Last night I visited two historic Los Angeles cemeteries as part of this month’s edition of RIDE-Arc (a late-night group bike ride for those who might not know). The first one that myself and about 100 other cyclists visited was East L.A.’s Evergreen Cemetery. Founded in 1877 it is the oldest in L.A. The second one was Mid-City’s Angelus-Rosedale, which was founded in 1884.
It may be odd to love cemeteries, but I do. Always have. And to visit them at night –especially these two landmarks, which are typically closed to the public after dark — is an added bonus. Sure they’re spooky at night. But they’re still very serene and fascinating and I have no problem exploring them.
That doesn’t mean my wicked imagination can’t couple to a strange noise at the least opportune time and scare the bejeebus outta me, as it did not long into our visit to the second cemetery.
I had parked my bike to move in among the headstones and crypts to find a vantage point from which to photograph — of all things — the manificent Byzantine-Latino Quarter neon sign visible a few blocks away, like so (click to doublify):
After finding a good spot and nearby tombstone upon which to set my camera on its tripod I got busy setting the shot up and while doing so in the deathly quiet (none of the other riders were around), from out of nowhere above me comes a low cluck-cluck-cluck sound. Not like that of a chicken so much as the sound one might make with their tongue. The first time it doesn’t register as out of the ordinary, but the second time an alarm goes off inside my head and I look up quickly to find I’ve positioned myself under a stand of pine trees whose boughs have formed a canopy over my head.
Of course I see nothing, but since there are thick branches all above me my rational self says it’s probably just a bird up there. Maybe a raven or an owl.
And I totally agreed: Yeah, it’s just a raven. Then I went back to framing the shot. Then came the cluck-cluck-cluck again and my rational self tried really hard to keep me calm, but my irrational side pulled out a bullhorn and said something like: “Ghhhhhhhoooooooooooooossssssssttttttttt!”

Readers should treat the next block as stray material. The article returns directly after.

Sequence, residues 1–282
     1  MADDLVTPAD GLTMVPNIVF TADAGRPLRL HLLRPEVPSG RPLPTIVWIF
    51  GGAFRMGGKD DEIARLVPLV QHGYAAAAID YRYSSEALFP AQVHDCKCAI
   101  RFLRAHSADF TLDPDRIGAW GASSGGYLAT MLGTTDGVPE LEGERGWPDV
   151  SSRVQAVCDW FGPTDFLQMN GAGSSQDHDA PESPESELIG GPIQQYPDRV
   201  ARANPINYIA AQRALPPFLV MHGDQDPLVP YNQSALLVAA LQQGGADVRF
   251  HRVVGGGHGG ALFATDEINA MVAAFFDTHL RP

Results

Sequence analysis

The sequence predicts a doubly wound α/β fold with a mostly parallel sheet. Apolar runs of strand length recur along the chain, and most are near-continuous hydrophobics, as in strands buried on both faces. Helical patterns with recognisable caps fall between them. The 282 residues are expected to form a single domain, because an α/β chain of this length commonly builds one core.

And in a flash my heart rate’s up and I’m debating whether to stay or flee and instead I pull my mostly inadequate flashlight out and shine its beam up into the thick branches, darting it back and forth trying to find the strange sound’s entirely logical source but also feeling the hairs on the back of my head stand up as chills race down my arms because what if the source isn’t a frickin’ bird but instead a demon with beady red eyes and jagged fangs and long enough arms to reach down from its perch and pluck me up off the grass and into its eternal hell?
I did the right thing. I laughed it off and went back to my camera pretending to be calm and after getting the shot I began my exit by looking up into the darkness and for want of a better line called out “Good one! And a raspy wet voice that sounded like 200 gallons of fetid slime filtering through a barrel full of maggots said “Agggggggghh!” And then I felt something like a very cold finger touch my shoulder as if trying to snag the fabric of my shirt, and pull.
No, not really.
But I’ll tell you this: Silent though it was, I didn’t walk back to the bike as casually as I’d walked from it.
Pix from the night are here in this photoset on Flickr.